The keyboard and digital piano market is certainly much larger today than the acoustic piano market. The reasons for this are mainly due to the available space in the modern home, advances in technology that allow you to record your own music on your digital piano or keyboard, and the useful feature of being able to play with headphones.
Graham Howard – Author and Piano Advisor.
Email for piano advice: firstname.lastname@example.org
or Call 01327 300 016
– – Grand Pianos – –
In an ideal world it is best to learn on a grand piano.
The grand piano produces the best sound, has more weight to the keys which strengthens the fingers more, and has a faster repetition due to the superior horizontal piano action which relies more on gravity than the upright.
The disadvantages of the grand piano are mainly the space they take up and the high price tag.
– – Upright Pianos – –
The upright piano is the next best thing to learn on.
Much less space is required than a grand piano, prices are cheaper and the sound of the tallest uprights are almost identical to the grand piano.
– – Digital Pianos – –
The digital piano comes next in line.
The sounds are recordings from a grand piano and the touch, although lighter than a grand or upright piano, is pretty realistic.
The main advantages of the digital piano are:
• Cheaper to buy
• Easier to mover around
• Lots of different instrument sounds to play around with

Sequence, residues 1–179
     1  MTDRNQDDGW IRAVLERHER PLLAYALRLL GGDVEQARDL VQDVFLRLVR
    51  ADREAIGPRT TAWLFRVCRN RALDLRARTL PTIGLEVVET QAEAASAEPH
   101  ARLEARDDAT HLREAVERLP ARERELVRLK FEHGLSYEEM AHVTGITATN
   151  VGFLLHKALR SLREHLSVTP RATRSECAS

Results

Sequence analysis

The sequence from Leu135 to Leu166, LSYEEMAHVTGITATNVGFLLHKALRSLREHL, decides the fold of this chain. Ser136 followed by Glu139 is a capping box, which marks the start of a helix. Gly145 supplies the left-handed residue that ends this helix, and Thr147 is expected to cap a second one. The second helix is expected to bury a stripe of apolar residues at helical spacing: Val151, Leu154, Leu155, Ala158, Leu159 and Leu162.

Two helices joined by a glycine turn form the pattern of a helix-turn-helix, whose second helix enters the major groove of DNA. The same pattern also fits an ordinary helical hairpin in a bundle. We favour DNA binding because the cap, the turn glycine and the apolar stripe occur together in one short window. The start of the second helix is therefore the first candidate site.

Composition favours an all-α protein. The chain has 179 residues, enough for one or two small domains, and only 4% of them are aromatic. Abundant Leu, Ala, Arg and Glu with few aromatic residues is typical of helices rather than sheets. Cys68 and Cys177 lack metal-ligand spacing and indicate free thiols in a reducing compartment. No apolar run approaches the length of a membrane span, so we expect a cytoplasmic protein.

• Can be used with headphones
• Takes up less room than an upright piano
• Easy to record your own music
• No tuning required
• New improved models are brought out every 2-3 years
• They wear out very quickly if played a lot
• The touch is not quite heavy enough
• The sound is easily identifiable as electronic
– – Keyboards – –
Last in line is the keyboard.
The keyboard is not the best thing to learn on.
• Much cheaper to buy than any other type of piano
• Easy to carry around
• Takes up limited space. Easily storable
• Record your own music
• No tuning required
• The keys are way too light
• Only 61 keys instead of 88
• Poor sound quality
• Harder to play dynamics
– – Conclusion – –
If your budget is tight, then a keyboard will do for the first year of playing only.
Practicing on a keyboard is ok if you are mainly learning the notes and the theory of music. After one year you will need to upgrade to either a digital piano or an acoustic piano.
Please note: This article is copyright and protected. You may publish this article on your website providing you leave the article “as is” and retain the author’s biography box. All contents Copyright © 2008-2018. All rights reserved. Graham Howard, author of The Digital Piano Bible (a buyer’s guide) and The Howard Score (piano rating system).